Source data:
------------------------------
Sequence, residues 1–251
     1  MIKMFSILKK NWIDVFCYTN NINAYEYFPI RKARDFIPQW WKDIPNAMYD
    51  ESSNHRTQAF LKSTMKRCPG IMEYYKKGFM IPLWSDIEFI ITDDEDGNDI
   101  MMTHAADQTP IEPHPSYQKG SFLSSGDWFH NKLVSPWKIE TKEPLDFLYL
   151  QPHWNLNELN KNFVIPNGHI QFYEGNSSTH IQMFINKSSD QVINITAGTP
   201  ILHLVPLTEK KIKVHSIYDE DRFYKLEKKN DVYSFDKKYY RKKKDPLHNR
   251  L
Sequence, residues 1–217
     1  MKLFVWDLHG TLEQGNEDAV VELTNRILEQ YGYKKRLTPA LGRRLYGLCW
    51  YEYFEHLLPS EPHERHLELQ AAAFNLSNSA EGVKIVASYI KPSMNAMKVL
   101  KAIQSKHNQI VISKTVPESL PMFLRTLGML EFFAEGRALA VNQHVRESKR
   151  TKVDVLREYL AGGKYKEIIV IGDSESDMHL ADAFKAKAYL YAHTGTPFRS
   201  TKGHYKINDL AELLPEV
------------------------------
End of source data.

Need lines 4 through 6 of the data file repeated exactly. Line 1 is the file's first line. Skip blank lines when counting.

   101  MMTHAADQTP IEPHPSYQKG SFLSSGDWFH NKLVSPWKIE TKEPLDFLYL
   151  QPHWNLNELN KNFVIPNGHI QFYEGNSSTH IQMFINKSSD QVINITAGTP
   201  ILHLVPLTEK KIKVHSIYDE DRFYKLEKKN DVYSFDKKYY RKKKDPLHNR